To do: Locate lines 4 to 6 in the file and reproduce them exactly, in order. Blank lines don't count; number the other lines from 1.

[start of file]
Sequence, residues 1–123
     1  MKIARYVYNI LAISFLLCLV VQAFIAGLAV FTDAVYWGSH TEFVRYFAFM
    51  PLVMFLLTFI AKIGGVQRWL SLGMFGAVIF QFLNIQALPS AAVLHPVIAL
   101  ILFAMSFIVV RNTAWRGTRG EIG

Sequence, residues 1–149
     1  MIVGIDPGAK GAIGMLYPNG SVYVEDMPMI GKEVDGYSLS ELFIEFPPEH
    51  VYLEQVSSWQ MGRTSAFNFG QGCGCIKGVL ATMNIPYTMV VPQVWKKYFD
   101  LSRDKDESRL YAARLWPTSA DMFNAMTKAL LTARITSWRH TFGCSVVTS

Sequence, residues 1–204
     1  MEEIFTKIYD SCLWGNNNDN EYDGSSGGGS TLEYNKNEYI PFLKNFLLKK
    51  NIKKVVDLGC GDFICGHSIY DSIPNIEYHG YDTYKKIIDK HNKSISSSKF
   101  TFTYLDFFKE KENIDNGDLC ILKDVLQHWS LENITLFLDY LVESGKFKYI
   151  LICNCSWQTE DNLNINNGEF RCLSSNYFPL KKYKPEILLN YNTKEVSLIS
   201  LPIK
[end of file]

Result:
   101  ILFAMSFIVV RNTAWRGTRG EIG

Sequence, residues 1–149
     1  MIVGIDPGAK GAIGMLYPNG SVYVEDMPMI GKEVDGYSLS ELFIEFPPEH